Thursday, 30 October 2014

ATTiny85 Tutorial 8 – Drive More Outputs With A Shift Register

So, I thought that I’d skip ahead a bit and get straight into the control of LED via a shift register. As the ATTiny85 has few pin outs, the main thing to be able to go beyond the simple binary pin to pin scheme is to get a shift register working for you.

For this tutorial, I have tried to fit all of the components onto a half+ board. Of course, I’m using my 5V regulator, so I am cheating slightly. However, the ATTiny85 and the 74HC595 both fit on the board along with the required 8 LED.

The original Arduino sketch includes the instantiation of Serial communication, that hasn’t been enabled on my ATTiny85, so I’m just commenting it out in the sketch. I am also omitting the smoothing capacitor between data and GND, if you want to include it, by all means, knock yourself out.

The shift register tutorial uses only digital pins in the original, so I am substituting like for like in the ATTiny85 platform.

The wiring is a little confusing (probably because I crammed it all into a half+ board), but there really isn’t much to it.

Lesson 08 - Drive More With A Shift Register_bb

So long as you get the connections between the ATTiny85 and the 74HC595, then it’s really just a matter of poke and play (of course, you’ll need to be careful with the Vcc and GND connections!).

ATTiny85 - Connections to Shift Register

I’ve taken the liberty of changing the sketch to something closer to what I’ll actually be using, so beware that there are some functional changes (although very few).

Onto the sketch:

  Shift Register Example
  Turning on the outputs of a 74HC595 using an array.
  Modified for ATTiny85

* 74HC595 shift register
* ATTiny85
* LEDs attached to each of the outputs of the shift register

//Pin connected to ST_CP (12) of 74HC595
int latchPin = 2;
//Pin connected to SH_CP (11) of 74HC595
int clockPin = 3;
////Pin connected to DS (14) of 74HC595
int dataPin = 0;

//holders for information you're going to pass to shifting function
byte data;
byte chaseArray[8];

void setup() {
  //set pins to output because they are addressed in the main loop
  pinMode(latchPin, OUTPUT);
//  Serial.begin(9600);

  chaseArray[0] = 1;   //00000001
  chaseArray[1] = 2;   //00000010
  chaseArray[2] = 4;   //00000100
  chaseArray[3] = 8;   //00001000
  chaseArray[4] = 16;  //00010000
  chaseArray[5] = 32;  //00100000
  chaseArray[6] = 64;  //01000000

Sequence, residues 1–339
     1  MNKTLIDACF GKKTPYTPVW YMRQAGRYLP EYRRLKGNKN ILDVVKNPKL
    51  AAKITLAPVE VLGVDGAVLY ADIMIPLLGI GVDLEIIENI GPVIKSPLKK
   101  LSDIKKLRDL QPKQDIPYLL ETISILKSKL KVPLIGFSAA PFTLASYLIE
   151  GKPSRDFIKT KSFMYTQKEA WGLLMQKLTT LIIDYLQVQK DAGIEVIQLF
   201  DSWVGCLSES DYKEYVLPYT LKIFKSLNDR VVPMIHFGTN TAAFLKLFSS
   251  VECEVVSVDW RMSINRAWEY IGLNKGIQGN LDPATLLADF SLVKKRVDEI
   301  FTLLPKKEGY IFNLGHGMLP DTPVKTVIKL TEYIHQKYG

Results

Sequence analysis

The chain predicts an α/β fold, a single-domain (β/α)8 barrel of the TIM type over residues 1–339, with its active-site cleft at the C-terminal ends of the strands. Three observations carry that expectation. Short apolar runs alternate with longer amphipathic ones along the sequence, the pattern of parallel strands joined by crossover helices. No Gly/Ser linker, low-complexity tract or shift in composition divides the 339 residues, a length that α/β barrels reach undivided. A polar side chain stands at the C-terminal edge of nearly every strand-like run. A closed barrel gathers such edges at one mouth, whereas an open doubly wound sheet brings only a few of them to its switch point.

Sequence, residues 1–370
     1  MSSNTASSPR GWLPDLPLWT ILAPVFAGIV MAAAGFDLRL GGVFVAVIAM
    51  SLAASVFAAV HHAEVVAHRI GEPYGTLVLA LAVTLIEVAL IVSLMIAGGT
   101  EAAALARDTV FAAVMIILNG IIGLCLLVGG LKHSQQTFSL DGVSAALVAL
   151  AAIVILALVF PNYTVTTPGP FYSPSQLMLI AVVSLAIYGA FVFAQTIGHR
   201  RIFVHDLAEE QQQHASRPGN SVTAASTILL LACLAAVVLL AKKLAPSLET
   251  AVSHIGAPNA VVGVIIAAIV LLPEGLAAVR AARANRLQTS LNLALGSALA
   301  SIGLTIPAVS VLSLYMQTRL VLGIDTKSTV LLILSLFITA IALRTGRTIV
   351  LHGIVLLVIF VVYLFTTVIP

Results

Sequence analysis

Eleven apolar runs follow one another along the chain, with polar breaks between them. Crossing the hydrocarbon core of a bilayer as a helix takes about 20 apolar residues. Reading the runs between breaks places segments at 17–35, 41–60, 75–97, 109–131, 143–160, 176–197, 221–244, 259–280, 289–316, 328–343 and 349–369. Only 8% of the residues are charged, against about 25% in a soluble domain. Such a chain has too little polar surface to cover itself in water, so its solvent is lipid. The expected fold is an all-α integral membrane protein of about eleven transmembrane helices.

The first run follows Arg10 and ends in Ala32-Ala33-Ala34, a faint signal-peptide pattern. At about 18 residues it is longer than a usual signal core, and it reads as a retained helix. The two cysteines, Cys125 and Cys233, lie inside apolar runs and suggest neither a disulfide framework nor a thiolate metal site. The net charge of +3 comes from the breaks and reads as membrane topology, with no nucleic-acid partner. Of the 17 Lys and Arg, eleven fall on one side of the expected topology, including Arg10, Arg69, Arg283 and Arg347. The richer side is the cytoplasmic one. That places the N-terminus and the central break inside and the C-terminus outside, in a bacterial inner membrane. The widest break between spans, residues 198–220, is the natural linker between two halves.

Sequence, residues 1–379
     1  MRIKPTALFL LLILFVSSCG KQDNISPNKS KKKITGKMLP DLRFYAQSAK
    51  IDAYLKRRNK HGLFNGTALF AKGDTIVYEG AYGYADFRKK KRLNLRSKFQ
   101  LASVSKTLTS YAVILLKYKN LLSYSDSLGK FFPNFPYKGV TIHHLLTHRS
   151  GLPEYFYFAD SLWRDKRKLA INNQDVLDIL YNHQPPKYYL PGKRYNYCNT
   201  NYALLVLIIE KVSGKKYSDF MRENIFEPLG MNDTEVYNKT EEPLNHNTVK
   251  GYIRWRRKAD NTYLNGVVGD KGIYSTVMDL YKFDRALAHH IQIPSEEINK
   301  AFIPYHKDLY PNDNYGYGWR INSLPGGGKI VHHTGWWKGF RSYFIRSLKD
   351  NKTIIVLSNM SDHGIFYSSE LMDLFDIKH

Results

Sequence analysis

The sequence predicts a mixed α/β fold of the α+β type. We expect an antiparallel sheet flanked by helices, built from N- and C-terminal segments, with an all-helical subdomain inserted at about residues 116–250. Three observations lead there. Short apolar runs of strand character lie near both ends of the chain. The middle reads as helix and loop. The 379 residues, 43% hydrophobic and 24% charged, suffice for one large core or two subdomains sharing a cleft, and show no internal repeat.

chaseArray[7] = 128; //10000000
  //function that blinks all the LEDs
  //gets passed the number of blinks and the pause time
  blinkAll_2Bytes(2, 500);

void loop() {

  for (int j = 0; j < 8; j++) {
    //load the light sequence you want from array
    data = chaseArray[j];
    //ground latchPin and hold low for as long as you are transmitting
    digitalWrite(latchPin, 0);
    //move 'em out
    shiftOut(dataPin, clockPin, data);
    //return the latch pin high to signal chip that it
    //no longer needs to listen for information
    digitalWrite(latchPin, 1);


// the heart of the program
void shiftOut(int myDataPin, int myClockPin, byte myDataOut) {
  // This shifts 8 bits out MSB first,
  //on the rising edge of the clock,
  //clock idles low

  //internal function setup
  int i=0;
  int pinState;
  pinMode(myClockPin, OUTPUT);
  pinMode(myDataPin, OUTPUT);

  //clear everything out just in case to
  //prepare shift register for bit shifting
  digitalWrite(myDataPin, 0);
  digitalWrite(myClockPin, 0);

  //for each bit in the byte myDataOut
  //This means that 000001 or "1" will go through such
  //that it will be pin Q0 that lights.
  for (i=7; i>=0; i--)  {
    digitalWrite(myClockPin, 0);

    //if the value passed to myDataOut and a bitmask result
    // true then... so if we are at i=6 and our value is
    // %11010100 it would the code compares it to %01000000
    // and proceeds to set pinState to 1.
    if ( myDataOut & (1<<i) ) {
      pinState= 1;
    else { 
      pinState= 0;

    //Sets the pin to HIGH or LOW depending on pinState
    digitalWrite(myDataPin, pinState);
    //register shifts bits on upstroke of clock pin 
    digitalWrite(myClockPin, 1);
    //zero the data pin after shift to prevent bleed through
    digitalWrite(myDataPin, 0);

  //stop shifting
  digitalWrite(myClockPin, 0);

//blinks the whole register based on the number of times you want to
//blink "n" and the pause between them "d"
//starts with a moment of darkness to make sure the first blink
//has its full visual effect.
void blinkAll_2Bytes(int n, int d) {
  digitalWrite(latchPin, 0);
  shiftOut(dataPin, clockPin, 0);
  shiftOut(dataPin, clockPin, 0);
  digitalWrite(latchPin, 1);
  for (int x = 0; x < n; x++) {
    digitalWrite(latchPin, 0);
    shiftOut(dataPin, clockPin, 255);
    shiftOut(dataPin, clockPin, 255);
    digitalWrite(latchPin, 1);
    digitalWrite(latchPin, 0);
    shiftOut(dataPin, clockPin, 0);
    shiftOut(dataPin, clockPin, 0);
    digitalWrite(latchPin, 1);


I thoroughly recommend that you do this tutorial on the Arduino first before attempting the ATTiny85 version, so that you know what to expect and how the connections work. Other than that, this makes a nice and tiny board project, now I need to play with laying this out on a board so that I can etch it … that should be fun.

5V Reg - Powered

Testing the ATTiny85 Shift Register Sub Board

The above video is the ATTiny85 and 75HC595 sub board connected to breadboarded LED. This is the next step on from the breadboard version in this article, but uses the same sketch and is functionally identical.

Check out the rest of the tutorials here.

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